Blue Jays' Canadian contingent proud of playoff run

By: Alexis Brudnicki

Canadian Baseball Network

KANSAS CITY, Mo. – They ignited an entire country.

The Blue Jays may have come up short in the American League Championship Series against the Royals, but knowing that they brought baseball back to the forefront in a hockey nation after a 22-year playoff drought – the longest in professional sports – is no small consolation.

Toronto’s accomplishments come at the tail end of an incredible year for the Canadian game, with one of the most successful drafts the country has seen, a silver medal for the Women’s National Team in its first-ever appearance in a multi-sport event, and a gold medal on home soil for Baseball Canada’s senior team, defending its Pan Am Games championship from four years ago.

The Blue Jays also had five Canucks on their roster for a single day this year, with Russell Martin (Montreal, Que.), Dalton Pompey (Mississauga, Ont.), Jeff Francis (North Delta, BC), Michael Saunders (Victoria, BC) and Andrew Albers (North Battleford, Sask.) making history in May.  

But Canada’s only major league team and its post-season run made the biggest impact on the game that the country has seen in years. Canadians were on the edge of their seats at home throughout the playoffs, with up to a third of the country tuning into watch each Blue Jays game on television, and at Rogers Centre, a packed house for every game following the flurry of game-changing moves the organization made leading up to the trade deadline.

“The future is bright in Canada for baseball,” said Martin, the only player from north of the border to remain on the roster from start to finish. “We had a tremendous year, definitely didn’t have the finish that we wanted but we’re definitely going to hold our heads high. I’m proud of the group that we had, I’m proud of how we fought. But giving credit to Kansas City, they have a tremendous ball club and they deserved it.”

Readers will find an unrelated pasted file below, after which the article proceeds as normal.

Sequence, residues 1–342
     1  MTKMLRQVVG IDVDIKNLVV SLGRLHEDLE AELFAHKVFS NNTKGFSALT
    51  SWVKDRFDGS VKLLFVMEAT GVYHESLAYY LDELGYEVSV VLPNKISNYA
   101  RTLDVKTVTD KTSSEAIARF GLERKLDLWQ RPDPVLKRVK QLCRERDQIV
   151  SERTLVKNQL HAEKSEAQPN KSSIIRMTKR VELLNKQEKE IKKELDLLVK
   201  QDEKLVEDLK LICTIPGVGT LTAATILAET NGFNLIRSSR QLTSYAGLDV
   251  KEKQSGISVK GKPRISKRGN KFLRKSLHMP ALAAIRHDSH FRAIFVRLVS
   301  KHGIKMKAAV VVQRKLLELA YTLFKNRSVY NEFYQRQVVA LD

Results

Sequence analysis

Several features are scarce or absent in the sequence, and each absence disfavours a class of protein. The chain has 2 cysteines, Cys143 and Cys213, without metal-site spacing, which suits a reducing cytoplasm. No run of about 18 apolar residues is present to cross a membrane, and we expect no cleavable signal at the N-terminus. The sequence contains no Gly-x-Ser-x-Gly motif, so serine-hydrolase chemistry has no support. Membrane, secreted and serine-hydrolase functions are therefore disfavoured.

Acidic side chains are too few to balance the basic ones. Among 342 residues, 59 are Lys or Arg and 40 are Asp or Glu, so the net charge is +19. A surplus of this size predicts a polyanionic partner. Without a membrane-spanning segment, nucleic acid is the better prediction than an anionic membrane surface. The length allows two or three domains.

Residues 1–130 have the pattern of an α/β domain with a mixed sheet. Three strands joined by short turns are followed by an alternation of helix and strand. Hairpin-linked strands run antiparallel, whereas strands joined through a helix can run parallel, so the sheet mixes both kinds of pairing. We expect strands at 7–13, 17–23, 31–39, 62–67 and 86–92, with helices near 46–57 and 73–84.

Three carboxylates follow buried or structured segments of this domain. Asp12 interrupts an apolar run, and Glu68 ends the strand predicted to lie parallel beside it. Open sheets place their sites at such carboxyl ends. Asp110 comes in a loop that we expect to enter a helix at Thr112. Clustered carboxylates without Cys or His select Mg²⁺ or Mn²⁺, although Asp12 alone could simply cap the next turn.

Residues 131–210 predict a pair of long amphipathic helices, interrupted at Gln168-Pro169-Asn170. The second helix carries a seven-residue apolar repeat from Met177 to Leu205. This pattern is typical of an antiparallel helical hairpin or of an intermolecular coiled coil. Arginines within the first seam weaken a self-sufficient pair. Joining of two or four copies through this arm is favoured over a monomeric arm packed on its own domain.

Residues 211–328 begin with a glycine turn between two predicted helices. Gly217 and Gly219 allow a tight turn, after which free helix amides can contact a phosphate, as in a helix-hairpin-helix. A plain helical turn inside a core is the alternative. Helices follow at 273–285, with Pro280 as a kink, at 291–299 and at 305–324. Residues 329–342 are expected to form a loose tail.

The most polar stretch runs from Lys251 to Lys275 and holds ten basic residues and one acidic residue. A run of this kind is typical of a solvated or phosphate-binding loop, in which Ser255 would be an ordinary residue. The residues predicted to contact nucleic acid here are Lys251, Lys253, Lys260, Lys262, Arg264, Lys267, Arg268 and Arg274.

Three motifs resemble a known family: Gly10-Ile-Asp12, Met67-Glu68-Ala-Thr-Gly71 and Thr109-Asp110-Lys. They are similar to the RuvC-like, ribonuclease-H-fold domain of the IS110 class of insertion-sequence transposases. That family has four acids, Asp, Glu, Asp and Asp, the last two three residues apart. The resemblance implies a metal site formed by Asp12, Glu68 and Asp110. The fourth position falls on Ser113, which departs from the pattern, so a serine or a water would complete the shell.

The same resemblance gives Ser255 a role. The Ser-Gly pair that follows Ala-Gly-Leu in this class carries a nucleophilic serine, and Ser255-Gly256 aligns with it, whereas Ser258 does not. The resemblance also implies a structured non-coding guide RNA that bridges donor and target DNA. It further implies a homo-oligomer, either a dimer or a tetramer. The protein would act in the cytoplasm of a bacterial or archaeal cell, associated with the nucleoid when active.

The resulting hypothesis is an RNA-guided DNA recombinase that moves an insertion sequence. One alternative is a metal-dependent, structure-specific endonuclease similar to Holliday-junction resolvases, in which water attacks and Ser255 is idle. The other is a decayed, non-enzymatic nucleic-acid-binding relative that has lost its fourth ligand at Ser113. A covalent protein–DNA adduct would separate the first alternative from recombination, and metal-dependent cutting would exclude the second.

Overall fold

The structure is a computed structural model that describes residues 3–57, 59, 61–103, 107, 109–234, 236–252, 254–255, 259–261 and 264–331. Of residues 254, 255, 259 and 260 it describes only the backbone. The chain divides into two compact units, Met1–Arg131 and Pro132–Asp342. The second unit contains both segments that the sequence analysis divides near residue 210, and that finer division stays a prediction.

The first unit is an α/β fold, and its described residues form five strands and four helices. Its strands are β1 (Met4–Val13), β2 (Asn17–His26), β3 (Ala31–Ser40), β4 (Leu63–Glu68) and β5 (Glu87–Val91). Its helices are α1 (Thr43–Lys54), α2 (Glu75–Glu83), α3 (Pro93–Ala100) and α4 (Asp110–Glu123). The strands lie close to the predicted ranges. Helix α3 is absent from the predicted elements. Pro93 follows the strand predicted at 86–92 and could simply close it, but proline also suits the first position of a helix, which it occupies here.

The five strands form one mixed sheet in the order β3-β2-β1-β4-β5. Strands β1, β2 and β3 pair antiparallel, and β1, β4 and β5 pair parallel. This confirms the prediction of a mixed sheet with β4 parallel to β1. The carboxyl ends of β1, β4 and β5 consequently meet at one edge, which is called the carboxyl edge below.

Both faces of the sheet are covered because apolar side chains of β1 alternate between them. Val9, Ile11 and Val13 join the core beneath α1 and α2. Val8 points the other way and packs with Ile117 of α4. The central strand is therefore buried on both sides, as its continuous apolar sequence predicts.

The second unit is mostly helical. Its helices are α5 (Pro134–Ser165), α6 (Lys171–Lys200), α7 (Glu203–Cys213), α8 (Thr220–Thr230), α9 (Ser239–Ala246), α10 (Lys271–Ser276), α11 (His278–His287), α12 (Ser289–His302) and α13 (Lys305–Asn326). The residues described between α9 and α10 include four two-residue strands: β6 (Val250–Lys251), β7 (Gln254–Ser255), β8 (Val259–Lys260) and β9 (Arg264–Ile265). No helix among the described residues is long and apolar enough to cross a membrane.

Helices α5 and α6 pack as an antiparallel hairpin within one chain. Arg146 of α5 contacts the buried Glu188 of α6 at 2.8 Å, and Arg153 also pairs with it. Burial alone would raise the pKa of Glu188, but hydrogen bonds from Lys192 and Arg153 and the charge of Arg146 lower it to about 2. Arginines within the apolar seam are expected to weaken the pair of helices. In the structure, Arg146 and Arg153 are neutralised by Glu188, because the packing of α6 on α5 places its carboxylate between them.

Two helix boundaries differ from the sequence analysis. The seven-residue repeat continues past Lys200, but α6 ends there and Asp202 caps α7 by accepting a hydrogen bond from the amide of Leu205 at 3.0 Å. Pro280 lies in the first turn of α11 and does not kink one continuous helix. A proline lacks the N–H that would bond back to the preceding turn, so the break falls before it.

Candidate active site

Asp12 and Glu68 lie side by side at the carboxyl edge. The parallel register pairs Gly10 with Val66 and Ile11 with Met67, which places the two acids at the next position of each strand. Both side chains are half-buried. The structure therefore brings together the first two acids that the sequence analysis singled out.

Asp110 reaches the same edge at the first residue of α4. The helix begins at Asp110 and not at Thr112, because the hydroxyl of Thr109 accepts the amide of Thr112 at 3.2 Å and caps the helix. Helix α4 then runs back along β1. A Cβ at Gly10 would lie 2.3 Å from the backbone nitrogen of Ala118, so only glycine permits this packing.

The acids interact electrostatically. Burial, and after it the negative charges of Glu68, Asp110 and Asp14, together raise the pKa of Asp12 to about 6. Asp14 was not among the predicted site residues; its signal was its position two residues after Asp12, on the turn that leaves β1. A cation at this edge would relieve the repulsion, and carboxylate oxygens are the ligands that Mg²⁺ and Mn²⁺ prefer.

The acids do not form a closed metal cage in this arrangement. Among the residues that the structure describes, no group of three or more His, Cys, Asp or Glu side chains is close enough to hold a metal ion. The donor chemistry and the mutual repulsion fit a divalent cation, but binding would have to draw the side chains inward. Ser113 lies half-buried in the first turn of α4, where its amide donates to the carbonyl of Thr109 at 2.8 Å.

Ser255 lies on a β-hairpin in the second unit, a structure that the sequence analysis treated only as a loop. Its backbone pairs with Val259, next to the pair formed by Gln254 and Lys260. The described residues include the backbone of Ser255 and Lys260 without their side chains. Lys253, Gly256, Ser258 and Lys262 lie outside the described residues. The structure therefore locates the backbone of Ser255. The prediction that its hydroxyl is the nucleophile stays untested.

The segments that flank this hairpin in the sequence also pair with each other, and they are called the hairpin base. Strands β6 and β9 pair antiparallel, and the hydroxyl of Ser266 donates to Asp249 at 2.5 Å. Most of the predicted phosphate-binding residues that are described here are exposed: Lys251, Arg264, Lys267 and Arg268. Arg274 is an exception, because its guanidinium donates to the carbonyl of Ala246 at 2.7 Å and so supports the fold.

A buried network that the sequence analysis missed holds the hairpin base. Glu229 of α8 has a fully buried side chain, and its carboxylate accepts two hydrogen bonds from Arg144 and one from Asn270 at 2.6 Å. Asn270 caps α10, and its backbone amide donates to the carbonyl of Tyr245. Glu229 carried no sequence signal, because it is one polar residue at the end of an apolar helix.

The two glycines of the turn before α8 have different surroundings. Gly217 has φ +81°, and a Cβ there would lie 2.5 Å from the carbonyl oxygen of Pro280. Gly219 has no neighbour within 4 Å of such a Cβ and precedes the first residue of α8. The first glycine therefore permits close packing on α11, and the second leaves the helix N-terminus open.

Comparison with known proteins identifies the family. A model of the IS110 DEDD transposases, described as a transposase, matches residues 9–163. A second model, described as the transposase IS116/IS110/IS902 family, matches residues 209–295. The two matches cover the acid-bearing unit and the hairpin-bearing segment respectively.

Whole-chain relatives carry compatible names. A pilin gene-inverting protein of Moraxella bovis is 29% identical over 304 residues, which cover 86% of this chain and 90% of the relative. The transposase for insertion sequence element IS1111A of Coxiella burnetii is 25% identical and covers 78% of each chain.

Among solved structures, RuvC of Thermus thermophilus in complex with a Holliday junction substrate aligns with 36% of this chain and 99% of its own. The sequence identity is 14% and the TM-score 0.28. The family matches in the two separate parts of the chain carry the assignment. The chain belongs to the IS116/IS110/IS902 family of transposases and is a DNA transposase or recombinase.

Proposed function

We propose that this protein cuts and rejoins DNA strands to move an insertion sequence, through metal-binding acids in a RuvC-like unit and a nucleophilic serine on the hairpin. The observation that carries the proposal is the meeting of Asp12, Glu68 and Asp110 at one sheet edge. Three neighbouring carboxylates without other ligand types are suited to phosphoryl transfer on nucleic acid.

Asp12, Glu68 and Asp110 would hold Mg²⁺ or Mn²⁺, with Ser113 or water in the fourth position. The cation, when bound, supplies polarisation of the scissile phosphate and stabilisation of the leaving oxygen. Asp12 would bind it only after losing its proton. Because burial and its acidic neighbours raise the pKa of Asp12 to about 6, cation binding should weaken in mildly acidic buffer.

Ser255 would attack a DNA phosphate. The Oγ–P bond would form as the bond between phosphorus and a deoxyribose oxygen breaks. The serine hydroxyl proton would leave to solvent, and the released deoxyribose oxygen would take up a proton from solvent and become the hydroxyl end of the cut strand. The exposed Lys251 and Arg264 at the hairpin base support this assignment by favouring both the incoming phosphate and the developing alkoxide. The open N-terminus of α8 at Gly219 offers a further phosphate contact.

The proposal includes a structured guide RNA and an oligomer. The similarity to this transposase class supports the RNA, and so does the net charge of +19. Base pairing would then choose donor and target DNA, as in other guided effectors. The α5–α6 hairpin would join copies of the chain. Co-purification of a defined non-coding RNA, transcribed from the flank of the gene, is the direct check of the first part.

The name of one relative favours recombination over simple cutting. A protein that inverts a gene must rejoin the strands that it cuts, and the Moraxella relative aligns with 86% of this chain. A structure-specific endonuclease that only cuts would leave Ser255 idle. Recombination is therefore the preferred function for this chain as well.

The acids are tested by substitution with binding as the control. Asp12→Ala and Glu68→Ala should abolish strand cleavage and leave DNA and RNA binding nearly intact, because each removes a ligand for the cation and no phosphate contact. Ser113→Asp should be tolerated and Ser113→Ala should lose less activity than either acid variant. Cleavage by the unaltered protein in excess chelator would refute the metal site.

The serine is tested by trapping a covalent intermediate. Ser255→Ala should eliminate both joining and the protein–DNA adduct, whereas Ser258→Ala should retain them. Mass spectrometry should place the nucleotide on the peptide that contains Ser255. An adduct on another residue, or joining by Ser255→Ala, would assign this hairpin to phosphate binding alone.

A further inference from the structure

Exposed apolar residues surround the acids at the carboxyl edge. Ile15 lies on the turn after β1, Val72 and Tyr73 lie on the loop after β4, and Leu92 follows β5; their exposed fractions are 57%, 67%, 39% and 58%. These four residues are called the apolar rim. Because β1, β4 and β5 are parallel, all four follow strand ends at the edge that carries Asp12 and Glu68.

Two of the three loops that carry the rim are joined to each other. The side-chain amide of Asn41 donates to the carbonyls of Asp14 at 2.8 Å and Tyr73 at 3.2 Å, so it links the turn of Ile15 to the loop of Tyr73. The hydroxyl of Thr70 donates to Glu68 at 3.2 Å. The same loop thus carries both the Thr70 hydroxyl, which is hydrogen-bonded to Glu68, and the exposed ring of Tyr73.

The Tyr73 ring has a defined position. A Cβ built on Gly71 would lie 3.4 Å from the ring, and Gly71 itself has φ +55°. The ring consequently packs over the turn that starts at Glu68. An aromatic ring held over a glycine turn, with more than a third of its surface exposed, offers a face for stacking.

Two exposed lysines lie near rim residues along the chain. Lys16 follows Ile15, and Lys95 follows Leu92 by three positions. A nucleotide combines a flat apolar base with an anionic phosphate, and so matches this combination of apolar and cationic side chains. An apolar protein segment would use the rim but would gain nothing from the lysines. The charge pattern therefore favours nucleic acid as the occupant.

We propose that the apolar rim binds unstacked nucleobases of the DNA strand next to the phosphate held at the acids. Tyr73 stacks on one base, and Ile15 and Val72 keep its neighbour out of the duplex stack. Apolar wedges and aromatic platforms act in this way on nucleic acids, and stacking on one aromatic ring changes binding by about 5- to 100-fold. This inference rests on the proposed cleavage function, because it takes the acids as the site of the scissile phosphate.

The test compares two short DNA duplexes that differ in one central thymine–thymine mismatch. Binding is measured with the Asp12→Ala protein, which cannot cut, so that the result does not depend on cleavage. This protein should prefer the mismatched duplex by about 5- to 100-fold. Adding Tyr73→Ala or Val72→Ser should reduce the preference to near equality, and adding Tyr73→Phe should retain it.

Pompey was with the team through the first month of the season and returned from a stint in the minor leagues in September, and then earned a spot on both of the squad’s playoff rosters. A native of the Greater Toronto Area, he might know better than anyone on the team how impactful its winning ways were, the support evident anywhere and everywhere he went.

“It’s the whole country,” Pompey said. “We see a small little bit of it there [in Toronto] but everybody was watching us, no matter where they were, and they were always reaching out to us and stuff like that. That’s huge. It grows baseball across the country. We finally were able to get them a winning team, something that they haven’t seen in a long time.

“Unfortunately, we came up short but it’s not the end of the world. We can build off this and we can continue to move forward. Hopefully a lot of these guys are still here next year and we can just take it from there. We also lost to a pretty good team over there too, so we can’t really hold our heads down that low.”

The 22-year-old outfielder is the team’s only hometown player, and a product of the World Series championships Toronto won when it was last in the post-season. He felt the effects of growing up locally early in the year, when he remarked that the pressure had taken a toll on him, with the weight of a country on his shoulders.

When he returned, that nation was all in on his team and Pompey felt that it was behind him, supporting him. The former Canadian Junior National Team member made five post-season appearances, stealing four bases and notching a hit in his one at-bat.